There has been constant debate about the state of the Indian economy – how a booming economy till the year 2008-09 has suddenly descended into a gloomy situation where not only domestic investors but even foreign investors are hesitant to invest in India. The budget session of the parliament started with the presidential address highlighting the challenges that India as a nation is facing, such as the health of Indian economy that has been off for the last 2 years, facing stagnation and recession fears.
During the motion to thank the president, Mr. Jaitley broadly highlighted the inaction of the government on various fronts like economic crisis, policy paralysis, corruption scandals, inflation, safety of women, and Tamils in Sri Lanka, Bangladesh terrorism and Pakistan relations. The Prime Minister replied with some aggression (which is unlike him). In his sharp attack the PM displayed GDP figures that averaged at 7.9% during UPA rule from 2004-2013 versus 6% during NDA rule from 1998-2004 and various other figures like agricultural capita growth and per wages, consumer demand to show that the Indian economy is on track although in slow motion.
I was disappointed with the speech because the PM selectively quoted facts and figures without presenting a holistic picture of the economy which is not in sync the “All is well” theme of the government. Let’s analyse the NDA (1998-2004) and UPA (2004-2013) rule in a holistic manner. But before our advent, bear in mind that during NDA rule there was hardly any growth owing to the economic sanctions on us due to the nuclear tests in 1998, followed by Kargil war with Pakistan in 1999. That really set us back a few years and it was only after the sanctions were lifted in 2000 that economic growth returned to India.
1) Annual GDP Growth Rate:
From the data it is clear that the average growth of GDP during NDA regime was 6% while in UPA’s is 7.9% and remained constantly high in many years. But what is hidden is that by the time NDA left, the GDP figure had touched 8.1% which shows that the reforms initiated by the NDA had started to reap benefits. As economic analysts say, the fruits of policy decisions like FDI, IT revolution, Policy Guidelines for telecom, PSU Disinvestment were inherited by the UPA 1. It is clearly visible that the GDP remained at an average of 8.5% during UPA 1 but by the time UPA 2 is winding up, the GDP figures have sharply declined from 9.4% in 2010 to 4.5% in 2013, more than 50%.
Another Important measurement for the health of any economy is the Inflationary trend. The PM conveniently missed this aspect in his speech. A moderate inflation is considered to be good for the economy. Above figures show that inflation during the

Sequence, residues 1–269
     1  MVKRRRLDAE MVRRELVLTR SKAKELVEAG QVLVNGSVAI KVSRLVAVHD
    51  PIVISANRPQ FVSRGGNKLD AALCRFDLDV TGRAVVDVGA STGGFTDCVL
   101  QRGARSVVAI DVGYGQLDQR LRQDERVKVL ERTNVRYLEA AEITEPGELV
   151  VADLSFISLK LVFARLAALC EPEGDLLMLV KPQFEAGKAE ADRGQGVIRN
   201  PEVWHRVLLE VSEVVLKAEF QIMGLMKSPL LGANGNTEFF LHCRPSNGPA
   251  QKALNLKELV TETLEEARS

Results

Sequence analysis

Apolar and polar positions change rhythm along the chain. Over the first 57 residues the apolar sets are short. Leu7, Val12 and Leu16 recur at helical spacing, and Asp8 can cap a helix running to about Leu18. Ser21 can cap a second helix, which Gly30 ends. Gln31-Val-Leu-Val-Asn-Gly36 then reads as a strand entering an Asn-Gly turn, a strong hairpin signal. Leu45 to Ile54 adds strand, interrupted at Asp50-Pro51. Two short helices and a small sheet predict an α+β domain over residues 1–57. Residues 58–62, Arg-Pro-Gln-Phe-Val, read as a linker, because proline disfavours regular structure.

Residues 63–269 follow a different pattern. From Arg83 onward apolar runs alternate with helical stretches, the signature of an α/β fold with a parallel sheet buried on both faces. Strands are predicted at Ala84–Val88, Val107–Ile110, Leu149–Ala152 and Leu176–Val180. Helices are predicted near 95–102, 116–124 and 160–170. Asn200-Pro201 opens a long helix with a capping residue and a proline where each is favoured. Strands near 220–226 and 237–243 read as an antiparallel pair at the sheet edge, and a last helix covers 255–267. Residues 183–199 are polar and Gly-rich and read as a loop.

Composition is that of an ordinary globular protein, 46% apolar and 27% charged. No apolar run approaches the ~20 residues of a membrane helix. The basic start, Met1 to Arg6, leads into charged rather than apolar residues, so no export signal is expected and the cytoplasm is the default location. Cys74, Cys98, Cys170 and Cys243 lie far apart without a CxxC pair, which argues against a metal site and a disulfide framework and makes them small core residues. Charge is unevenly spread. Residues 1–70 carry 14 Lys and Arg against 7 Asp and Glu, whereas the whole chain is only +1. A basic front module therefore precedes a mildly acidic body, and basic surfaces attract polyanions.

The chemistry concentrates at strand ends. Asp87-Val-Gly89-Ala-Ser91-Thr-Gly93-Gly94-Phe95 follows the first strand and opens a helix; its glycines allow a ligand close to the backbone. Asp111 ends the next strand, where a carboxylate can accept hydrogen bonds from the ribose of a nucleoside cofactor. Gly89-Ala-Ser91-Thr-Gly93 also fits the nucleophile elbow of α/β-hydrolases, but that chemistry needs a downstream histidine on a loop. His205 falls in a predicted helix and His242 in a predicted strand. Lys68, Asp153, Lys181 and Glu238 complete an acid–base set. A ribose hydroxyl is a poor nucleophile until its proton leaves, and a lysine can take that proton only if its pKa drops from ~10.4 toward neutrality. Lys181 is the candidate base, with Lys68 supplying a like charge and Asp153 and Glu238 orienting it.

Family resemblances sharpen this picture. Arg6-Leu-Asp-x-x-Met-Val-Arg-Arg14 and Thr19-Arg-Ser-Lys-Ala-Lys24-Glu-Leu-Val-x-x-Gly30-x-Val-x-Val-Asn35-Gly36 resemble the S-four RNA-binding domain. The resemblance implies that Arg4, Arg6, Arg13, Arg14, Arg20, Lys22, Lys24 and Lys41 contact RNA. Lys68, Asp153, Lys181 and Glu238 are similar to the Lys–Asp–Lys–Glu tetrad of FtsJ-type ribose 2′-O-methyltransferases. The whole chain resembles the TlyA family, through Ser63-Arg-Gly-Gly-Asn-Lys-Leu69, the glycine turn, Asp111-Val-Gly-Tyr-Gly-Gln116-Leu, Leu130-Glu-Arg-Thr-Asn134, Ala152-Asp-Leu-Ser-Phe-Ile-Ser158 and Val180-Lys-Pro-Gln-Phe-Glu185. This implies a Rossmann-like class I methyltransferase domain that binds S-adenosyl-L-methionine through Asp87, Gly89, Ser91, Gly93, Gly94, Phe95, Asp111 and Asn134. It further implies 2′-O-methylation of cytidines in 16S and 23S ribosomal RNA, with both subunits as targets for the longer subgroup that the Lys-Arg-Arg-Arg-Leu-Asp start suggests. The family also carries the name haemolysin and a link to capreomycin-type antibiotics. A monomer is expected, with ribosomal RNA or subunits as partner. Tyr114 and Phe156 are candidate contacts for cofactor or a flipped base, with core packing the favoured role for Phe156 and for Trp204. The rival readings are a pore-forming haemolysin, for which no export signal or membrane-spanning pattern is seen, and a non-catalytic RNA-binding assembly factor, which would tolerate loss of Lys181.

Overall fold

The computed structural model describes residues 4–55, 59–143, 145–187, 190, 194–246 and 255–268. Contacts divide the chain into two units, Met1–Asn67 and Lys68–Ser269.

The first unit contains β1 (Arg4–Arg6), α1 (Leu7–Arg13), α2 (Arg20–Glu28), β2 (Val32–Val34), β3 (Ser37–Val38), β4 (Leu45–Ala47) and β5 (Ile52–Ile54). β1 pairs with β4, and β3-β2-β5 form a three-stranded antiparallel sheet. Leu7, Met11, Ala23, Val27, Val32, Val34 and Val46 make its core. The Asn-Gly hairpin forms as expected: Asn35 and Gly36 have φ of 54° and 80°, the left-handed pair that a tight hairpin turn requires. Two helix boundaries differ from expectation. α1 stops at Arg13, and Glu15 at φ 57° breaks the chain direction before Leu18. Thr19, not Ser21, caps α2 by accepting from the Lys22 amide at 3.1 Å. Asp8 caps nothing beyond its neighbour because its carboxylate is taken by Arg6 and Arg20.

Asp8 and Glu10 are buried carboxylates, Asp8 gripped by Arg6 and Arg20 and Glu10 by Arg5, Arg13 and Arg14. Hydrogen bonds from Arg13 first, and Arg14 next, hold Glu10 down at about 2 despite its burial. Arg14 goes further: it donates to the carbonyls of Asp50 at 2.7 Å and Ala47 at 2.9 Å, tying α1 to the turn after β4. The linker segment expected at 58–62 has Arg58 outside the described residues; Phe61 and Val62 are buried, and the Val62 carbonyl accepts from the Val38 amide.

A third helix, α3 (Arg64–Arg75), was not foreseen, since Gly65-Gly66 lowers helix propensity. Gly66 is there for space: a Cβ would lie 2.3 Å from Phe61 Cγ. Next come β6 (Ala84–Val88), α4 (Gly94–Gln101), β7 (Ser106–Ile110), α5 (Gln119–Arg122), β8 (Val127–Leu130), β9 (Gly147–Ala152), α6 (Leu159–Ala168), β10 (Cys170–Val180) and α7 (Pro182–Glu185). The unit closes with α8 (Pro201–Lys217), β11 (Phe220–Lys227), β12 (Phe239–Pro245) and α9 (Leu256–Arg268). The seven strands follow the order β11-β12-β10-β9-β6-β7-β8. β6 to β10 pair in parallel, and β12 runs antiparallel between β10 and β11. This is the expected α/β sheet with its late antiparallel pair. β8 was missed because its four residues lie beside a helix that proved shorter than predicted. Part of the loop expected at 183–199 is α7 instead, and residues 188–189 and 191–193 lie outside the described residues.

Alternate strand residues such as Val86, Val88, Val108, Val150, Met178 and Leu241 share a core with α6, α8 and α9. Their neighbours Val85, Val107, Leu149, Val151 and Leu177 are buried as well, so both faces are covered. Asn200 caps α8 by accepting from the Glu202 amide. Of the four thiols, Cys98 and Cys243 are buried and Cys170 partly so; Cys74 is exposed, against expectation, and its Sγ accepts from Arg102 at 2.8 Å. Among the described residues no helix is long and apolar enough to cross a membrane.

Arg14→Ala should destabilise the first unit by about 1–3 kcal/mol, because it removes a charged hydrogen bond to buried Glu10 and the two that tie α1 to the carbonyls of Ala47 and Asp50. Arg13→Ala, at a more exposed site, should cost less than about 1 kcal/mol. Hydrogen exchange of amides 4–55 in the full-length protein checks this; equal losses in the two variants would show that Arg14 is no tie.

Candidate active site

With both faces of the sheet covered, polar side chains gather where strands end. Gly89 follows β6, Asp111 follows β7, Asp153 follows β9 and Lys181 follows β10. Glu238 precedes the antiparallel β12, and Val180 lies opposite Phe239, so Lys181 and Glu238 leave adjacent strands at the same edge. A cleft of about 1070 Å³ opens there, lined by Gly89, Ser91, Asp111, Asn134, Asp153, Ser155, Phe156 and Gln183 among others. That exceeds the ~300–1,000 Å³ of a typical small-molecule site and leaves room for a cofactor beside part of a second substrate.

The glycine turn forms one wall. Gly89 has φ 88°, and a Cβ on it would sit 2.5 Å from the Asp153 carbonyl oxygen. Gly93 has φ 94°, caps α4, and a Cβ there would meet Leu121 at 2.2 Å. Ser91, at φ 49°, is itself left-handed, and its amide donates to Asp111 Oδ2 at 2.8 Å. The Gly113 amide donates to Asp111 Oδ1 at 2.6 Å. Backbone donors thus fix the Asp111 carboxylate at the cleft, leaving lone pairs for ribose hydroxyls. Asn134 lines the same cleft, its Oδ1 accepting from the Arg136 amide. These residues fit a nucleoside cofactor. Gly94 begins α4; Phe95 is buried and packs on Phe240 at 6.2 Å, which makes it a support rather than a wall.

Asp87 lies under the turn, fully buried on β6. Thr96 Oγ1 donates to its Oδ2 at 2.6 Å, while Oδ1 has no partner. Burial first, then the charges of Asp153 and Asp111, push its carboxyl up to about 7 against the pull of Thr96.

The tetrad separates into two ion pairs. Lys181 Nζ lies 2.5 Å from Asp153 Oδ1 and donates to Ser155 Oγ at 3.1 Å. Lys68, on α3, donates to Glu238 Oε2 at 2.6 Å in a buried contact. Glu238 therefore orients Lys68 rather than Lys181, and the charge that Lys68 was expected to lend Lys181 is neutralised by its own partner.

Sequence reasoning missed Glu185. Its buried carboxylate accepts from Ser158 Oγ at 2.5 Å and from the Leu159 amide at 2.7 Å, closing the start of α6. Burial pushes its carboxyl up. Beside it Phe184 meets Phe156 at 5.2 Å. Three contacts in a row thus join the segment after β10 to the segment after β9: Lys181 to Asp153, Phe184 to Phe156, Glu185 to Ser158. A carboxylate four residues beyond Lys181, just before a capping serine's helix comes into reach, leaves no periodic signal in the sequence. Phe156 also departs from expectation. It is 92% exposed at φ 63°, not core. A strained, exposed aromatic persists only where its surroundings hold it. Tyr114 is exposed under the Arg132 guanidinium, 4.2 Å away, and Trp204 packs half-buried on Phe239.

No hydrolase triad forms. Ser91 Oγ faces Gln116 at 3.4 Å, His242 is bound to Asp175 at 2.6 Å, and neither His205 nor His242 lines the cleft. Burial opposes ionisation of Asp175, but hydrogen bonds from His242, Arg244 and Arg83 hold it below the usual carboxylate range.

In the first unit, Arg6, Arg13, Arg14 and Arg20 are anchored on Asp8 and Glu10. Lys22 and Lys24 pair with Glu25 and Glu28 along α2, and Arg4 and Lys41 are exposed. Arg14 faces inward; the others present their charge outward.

NDA regime was 5% which has nearly doubled during the UPA regime to 9% on an average and touching 11% in the year 2010-2011. High Inflation during UPA is attributed to high prices of food items and commodity prices. Constant increase in the price of petroleum products affects in the long run adversely.
3) Current Account Deficit:
Usually, countries recording a strong current account surplus have an economy which is heavily dependent on the exports revenues, with high savings ratings but weak domestic demand. On the other hand, countries recording a current account deficit have strong imports, a low saving rates and high personal consumption rates as a percentage of disposable incomes. This parameter also shows that it was only after NDA took over in 1998, that the exports raised and the deficits started to decrease, Indian economy picked up and we had current account surplus of nearly 1.5% to GDP. As soon as UPA came to power, the current account declined again and deficit increased from 0 to -3.7% to GDP which is again reflective of the mess created in our economy in the last 9 years.
4) Balance Of Trade:
When Exports exceed imports it is “trade surplus” and if vice versa it is “trade deficit”. From the above figure it is evident that during NDA regime, 1998 – 2004, the trade deficit was ranging between 0 to 2 billion dollars, but after the UPA took over in 2004-till date the trade deficit has increased alarmingly with deficit touching nearly 20 Billion Dollars (Rs 1086.12 billion) in 2012-13. This again shows that our domestic demand is not adequately met with by domestic manufacturing or resources available. The consumer spending boom though has led to high oil bills, import of coal for power; but many power plants are suffering from severe coal shortage though coal allocations were made a few years back (now under a cloud due to the CAG Report).